What Makes A Movie Scary? Do Sound or Video Contribute More To Fear?

Bekah Bowie

Wofford College, Department of Psychology


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            Loud, unpredictable dissonant and minor chords. A person slowly walking to look around a corner in the dark where something ominous awaits.  Someone running and screaming.  All are characteristics of horror movies.  But what exactly makes a movie scary?  Blumstein, Davitian, and Kaye (2010) investigated the characteristics of music in different genres of movies in an attempt to answer this question.  They found that when compared with films of another genre, horror films had fewer frequency transitions and contours, but had more non-harmonic sounds and loud screams, particularly those of a female.  From this, they concluded that filmmakers specifically use nonlinear analogues, such as large amplitudes and subharmonics, in their scary movies to elicit fearful emotions. 

A follow up study by Blumstein, Bryant, and Kaye (2012) analyzed the effects of neutral and distorted nonlinear musical compositions on emotions and their impact when paired with a neutral video.  Each participant in the study was instructed to rate the stimulus on a scale of -5 to 5 on its arousal (ability to evoke emotional stimulation) and valence (whether the stimulus was perceived as positive or negative).  The results showed that music containing distorted nonlinearities alone could elicit a fear response that was both highly arousing and negative.  However, when the neutral video was paired with the “scary” music, the resulting affective response was suppressed.  The video led to a decrease in the initial arousal, although the perceived valence of the stimulus was less affected.  One explanation for this increase in arousal while listening to nonlinear sounds is that the musical progression is unpredictable, and thus difficult to habituate to.  Increased emotional responses to nonlinearities also appear to have a biological basis, supported by a study conducted by Mende, Herzel, and Wermke (1990), which demonstrated that humans respond more to infants if their cries possess nonlinear traits than if their cries were lacking these characteristics.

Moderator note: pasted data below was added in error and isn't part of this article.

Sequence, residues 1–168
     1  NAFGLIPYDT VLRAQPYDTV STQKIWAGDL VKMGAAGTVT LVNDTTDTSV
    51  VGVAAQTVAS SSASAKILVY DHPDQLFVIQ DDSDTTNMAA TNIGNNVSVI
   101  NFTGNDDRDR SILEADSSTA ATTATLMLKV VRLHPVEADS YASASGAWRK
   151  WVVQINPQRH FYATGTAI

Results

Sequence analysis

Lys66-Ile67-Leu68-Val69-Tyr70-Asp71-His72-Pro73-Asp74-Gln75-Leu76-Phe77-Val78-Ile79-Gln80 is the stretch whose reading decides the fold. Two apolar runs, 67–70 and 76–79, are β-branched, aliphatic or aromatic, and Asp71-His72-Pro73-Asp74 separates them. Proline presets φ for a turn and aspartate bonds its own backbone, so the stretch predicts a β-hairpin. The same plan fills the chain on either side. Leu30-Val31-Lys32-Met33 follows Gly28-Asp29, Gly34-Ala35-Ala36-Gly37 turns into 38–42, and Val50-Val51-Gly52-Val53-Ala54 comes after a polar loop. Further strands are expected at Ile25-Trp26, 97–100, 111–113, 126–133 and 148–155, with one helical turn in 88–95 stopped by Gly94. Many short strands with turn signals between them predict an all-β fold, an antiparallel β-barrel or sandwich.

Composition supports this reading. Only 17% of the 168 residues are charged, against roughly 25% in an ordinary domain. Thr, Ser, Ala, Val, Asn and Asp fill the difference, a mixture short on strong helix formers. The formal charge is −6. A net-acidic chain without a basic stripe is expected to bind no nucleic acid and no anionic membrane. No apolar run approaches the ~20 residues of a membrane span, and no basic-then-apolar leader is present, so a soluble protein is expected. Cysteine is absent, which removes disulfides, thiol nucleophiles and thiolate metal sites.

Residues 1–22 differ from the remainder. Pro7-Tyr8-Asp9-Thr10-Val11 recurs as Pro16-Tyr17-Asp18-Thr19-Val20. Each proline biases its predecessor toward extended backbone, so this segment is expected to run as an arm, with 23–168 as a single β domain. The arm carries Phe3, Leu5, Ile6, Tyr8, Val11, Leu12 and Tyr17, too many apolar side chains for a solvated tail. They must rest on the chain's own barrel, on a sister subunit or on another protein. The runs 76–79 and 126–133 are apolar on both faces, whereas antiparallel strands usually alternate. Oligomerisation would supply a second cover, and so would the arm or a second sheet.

When studying the effects of video games on emotions, Geslin, Jégou, and Beaudoin (2016) found that images that are less saturated, less bright, and contain fewer colors induce a greater sense of fear than their converse.  Additionally, Nanda, Zhu, and Jansen (2012) found that videos that were novel, contained objects with pointed features or sharp-angled contour, or showed images of people expressing emotions of fear induced higher levels of arousal and fear than those that were familiar, contained curved objects, and showed people expressing neutral emotions.  The amygdala was shown as the primary brain structure involved in processing fear, anxiety, and emotion with other contributors that include the insula, thalamus, and hippocampus (see Figure 1).

It is apparent that both music and imagery contribute to emotion and arousal, however, which has the greatest effect on eliciting a fear-related response?  The current study seeks to investigate whether music or video clips of scary movies induces the greatest levels of fear indicated by changes in arousal.  It is hypothesized that music, rather than video, contributes the most to the fear response.  As suggested by Blumstein et al. (2012), musical nonlinearities characteristic of horror films are associated with sounds produced by humans and non-humans in times of distress and danger, leading to a biological fear response.  Additionally, music alludes to a lack of predictability that is difficult to perceive with a video alone.

The current study consisted of sixteen undergraduate females students.  In order to detect changes in arousal as an indicator of increased fear, galvanic skin response (GSR) and heart rate were measured.  GSR can be calculated by gathering information about the electrical resistance and electrical voltage between electrodes placed on the left pointer and middle fingers (see Figure 2).  Heart rate was measured using electrodes placed above both inner ankles and on the right inner wrist below the thumb.  Before each stimulus presentation, a 45 second baseline was recorded as a means of comparison.  The participants were instructed to sit still as they watched or listened through headphones to a 45 second clip of a scary movie they had never seen before.  Three movies (Burnt Offerings, The Amityville